'˜I want to live until I am 130 - I am having such a wonderful time'

Helen McGurk meets acclaimed Ulster cook Jenny Bristow who talks about her upcoming appearance at the Dalriada Festival and why she loves life

Friday, 6th July 2018, 4:44 pm
Updated Monday, 16th July 2018, 5:14 pm
Jenny Bristow with her dogs Major and Scamp at her Cullybackey home

Jenny Bristow is putting more logs on an oh so chic, spaceship-shaped outdoor oven when I arrive at her beautiful Cullybackey home.

With only days to go to the Dalriada Festival at Glenarm Castle, where the celebrated culinary queen will be doing a number of demonstrations, she’s trying out new dishes on the sleek piece of cooking apparatus.

‘‘You can cook all sorts of things in it,’’ she says, her eyes beaming like a child with a new toy.

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Jenny Bristow cooking a pizza at her wood burning stove

‘‘You can adjust the temperature, it’s almost like an oven. I’m going to cook the turkey in it this Christmas.’’

The Dalriada Festival takes place on July 14 and 15, and Jenny is just one component of a jam-packed event which brings together music, children’s events, and the gloriously un-PC wife-carrying competition.

Jenny is really looking forward to the event.

‘‘I think Dalriada is an amazing festival because it’s very, very different and every year they re-invent it.’’

She will be cooking up some delectable delights in the kitchen garden, using the aforementioned wood burning stove.

‘‘We are going to make lovely sundried tomato and feta bread, chilli prawns, a Thai casserole, teriyaki salmon, lots of vegetable dishes, including salt-crusted potatoes with Himalayan salt.’’

There were also be a tantalising array of sweet treats.

‘‘We are going to do baked Alaska and meringues, lovely summer puddings with all the fruits out of the garden, rhubarb, apricot and peaches, We are also having a children’s pizza competition, because it (the stove) can also be used as a pizza oven.’’

I am chatting with Jenny in the grounds of her enviable property which oozes bucolic calm and pastoral seclusion.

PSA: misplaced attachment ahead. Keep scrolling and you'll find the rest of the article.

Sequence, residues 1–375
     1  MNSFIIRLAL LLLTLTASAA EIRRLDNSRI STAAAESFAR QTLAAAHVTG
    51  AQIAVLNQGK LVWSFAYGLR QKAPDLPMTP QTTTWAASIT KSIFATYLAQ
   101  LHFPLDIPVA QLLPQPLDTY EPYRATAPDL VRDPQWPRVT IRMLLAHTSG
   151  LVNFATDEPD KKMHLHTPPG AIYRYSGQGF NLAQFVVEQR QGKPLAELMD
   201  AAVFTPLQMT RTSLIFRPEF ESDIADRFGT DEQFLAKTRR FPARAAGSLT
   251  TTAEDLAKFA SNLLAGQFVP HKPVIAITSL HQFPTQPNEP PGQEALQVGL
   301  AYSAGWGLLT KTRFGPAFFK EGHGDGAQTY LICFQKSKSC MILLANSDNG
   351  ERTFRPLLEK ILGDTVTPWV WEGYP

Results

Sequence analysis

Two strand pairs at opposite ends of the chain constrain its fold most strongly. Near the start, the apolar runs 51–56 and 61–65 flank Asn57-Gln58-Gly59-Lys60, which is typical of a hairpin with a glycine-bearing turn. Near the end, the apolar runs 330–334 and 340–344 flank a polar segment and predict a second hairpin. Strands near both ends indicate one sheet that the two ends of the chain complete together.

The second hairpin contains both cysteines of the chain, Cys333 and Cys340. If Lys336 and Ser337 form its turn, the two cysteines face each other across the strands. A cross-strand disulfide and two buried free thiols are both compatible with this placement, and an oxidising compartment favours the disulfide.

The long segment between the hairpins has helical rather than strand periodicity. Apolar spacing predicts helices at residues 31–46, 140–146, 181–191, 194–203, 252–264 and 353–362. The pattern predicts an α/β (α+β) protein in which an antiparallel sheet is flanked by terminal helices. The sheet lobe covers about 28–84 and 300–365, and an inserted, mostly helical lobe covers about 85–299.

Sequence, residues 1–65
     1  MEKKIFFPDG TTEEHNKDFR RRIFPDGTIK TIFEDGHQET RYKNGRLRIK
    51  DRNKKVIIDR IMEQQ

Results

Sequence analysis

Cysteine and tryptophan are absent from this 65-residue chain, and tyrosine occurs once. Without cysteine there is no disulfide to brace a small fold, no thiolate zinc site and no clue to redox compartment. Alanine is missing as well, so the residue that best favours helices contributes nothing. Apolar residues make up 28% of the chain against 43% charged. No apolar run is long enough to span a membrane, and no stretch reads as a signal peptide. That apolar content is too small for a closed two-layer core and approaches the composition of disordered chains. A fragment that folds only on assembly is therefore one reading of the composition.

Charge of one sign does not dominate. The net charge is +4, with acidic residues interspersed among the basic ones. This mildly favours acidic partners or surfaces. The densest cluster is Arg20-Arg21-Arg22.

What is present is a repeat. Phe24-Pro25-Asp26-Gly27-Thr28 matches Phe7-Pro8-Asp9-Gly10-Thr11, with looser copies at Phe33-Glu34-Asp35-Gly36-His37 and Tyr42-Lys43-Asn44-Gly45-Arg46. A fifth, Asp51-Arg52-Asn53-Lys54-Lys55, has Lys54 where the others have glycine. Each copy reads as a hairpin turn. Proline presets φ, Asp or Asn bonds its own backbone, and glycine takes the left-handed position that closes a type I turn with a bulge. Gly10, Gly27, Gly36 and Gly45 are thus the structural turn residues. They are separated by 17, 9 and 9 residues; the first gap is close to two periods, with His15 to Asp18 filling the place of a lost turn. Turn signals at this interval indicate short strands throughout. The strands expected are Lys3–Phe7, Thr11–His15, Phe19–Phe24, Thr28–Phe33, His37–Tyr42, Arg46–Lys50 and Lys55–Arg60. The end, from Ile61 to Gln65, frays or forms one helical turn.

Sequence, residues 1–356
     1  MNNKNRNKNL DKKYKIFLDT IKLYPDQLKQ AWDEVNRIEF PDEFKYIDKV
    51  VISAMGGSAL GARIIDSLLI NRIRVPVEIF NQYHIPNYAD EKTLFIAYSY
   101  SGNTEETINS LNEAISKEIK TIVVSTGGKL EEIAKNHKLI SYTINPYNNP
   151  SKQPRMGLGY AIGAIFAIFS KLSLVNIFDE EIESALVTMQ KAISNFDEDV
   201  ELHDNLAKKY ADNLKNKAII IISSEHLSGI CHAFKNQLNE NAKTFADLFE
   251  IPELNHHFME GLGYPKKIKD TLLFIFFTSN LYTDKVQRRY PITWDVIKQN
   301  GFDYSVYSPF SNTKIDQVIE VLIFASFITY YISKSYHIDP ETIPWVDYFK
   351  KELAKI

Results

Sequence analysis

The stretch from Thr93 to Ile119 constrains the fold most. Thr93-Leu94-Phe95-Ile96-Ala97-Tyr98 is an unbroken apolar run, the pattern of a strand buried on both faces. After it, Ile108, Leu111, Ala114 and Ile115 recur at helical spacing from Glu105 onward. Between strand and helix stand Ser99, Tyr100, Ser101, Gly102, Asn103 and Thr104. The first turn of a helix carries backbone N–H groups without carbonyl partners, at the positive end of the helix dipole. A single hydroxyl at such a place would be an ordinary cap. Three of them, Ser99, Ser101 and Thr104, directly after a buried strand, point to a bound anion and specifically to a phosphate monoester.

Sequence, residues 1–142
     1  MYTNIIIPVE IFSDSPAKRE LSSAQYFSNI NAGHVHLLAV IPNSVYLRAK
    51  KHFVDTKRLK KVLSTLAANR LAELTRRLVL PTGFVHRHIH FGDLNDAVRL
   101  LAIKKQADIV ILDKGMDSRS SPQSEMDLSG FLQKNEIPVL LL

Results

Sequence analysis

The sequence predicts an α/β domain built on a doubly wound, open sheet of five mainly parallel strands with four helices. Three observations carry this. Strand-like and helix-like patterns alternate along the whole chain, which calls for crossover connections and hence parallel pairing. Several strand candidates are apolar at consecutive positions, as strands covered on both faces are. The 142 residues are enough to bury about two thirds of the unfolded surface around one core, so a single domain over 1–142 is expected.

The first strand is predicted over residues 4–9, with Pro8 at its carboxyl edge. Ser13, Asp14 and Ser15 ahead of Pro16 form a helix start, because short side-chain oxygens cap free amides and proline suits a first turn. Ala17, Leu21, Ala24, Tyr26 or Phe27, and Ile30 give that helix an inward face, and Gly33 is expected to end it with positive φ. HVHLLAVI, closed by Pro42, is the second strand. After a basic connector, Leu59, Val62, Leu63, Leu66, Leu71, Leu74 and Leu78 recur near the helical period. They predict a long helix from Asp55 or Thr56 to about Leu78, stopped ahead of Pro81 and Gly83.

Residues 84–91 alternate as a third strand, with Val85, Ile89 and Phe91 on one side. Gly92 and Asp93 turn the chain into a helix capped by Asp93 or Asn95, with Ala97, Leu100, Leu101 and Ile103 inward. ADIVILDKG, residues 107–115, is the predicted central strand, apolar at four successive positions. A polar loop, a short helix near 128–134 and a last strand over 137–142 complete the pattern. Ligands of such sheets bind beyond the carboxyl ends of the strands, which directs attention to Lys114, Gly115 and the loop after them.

Her little and large dogs, Scamp and Major, frolic on the lush lawns, resting every so often under the horse chestnut and beech trees.

Baby-pink roses cascade around doorways and the walls of the house wear a heavy coat of Virginia creeper; it’s like something straight out of a glossy country homes magazine and I can only imagine that homesickness would take on a new agony if you were parted from the place.

We sip tea and eat homemade granola cookies in the sunshine outside her Cookery School, which she established three years ago. The building was a series of ramshackle outhouses which Jenny converted into a wonderful space with all the key ingredients for rustic bliss. Indeed, it’s kitchen was the one used on her popular television shows.

Jenny explains that the inspiration for her Cookery School came from Mary Berry, the unflappable, serene and stylish former judge on The Great British Bake-off.

‘‘Mary Berry decided she would bring people to her own house, have a reception and then show them how to cook.

‘‘As our children grew up and disappeared off, we decided this would be a clever thing to do and use what we have here. We have all sorts of events, from healthy eating, seasonal food, nostalgic events, Mother’s Days events, the high days and holidays of life - Easter, Halloween and the Christmas one is always so popular, with mulled wine and canapes in the drawing room and then over to the Cookery School. We would do about eight events a month.’’

Jenny was a familiar face on UTV television for some 25 years cooking honest-to-goodness, flavoursome food. She enjoyed the TV work, but says she is relishing new challenges.

‘‘There’s always lots of new things to be doing. I have just enjoyed every phase and how it’s gone and probably when I was younger it was easier, it took less make-up - I think when you get to a certain stage, radio works best,’’ she laughs.

As well as television, she has been a prolific writer with 13 cookbooks under her pinny strings and another one in the pipeline.

‘‘I need to speedily move on to 14 because I am a superstitious person. I’m hoping it will be finished early next year.’’

She adds: ‘‘People always wonder where the recipes come from...it’s inspiration, you get an idea and then you build it around that, but obviously recipes have got to be checked and tried and tested to make sure that they are going to work and I think a lot of the recipes I have done in the last couple of years have been very much geared towards health and lifestyle and making things easier for everybody. I think people want to spend more time enjoying good food and less time in the kitchen working.’’

Despite writing about food, and teaching others to cook food, Jenny hasn’t tired of cooking at home.

‘‘We cook from scratch every night. I love vegetarian food and I love fish. We have been barbecuing fish nearly every night, we have a great market in Ballymena and I buy fish on the bone and cook it on the bone. I also love fruit dessert puddings.

‘‘We have apple and pear trees and all the fruits that are free for the picking, such as blackberries and raspberries, damsons, rosehips and elderflowers - all those things that people love today - those old nostalgic flavours.’’

Jenny Bristow has had a busy and exciting career, so does she have any unfulfilled ambitions? ‘‘To live to be 130 and may the last voice you hear be mine,’’ she smiles referencing Frank Sinatra’s famous salute.

‘‘I want to beat Methuselah. I just want to live for ever. I’m having such a wonderful time.’’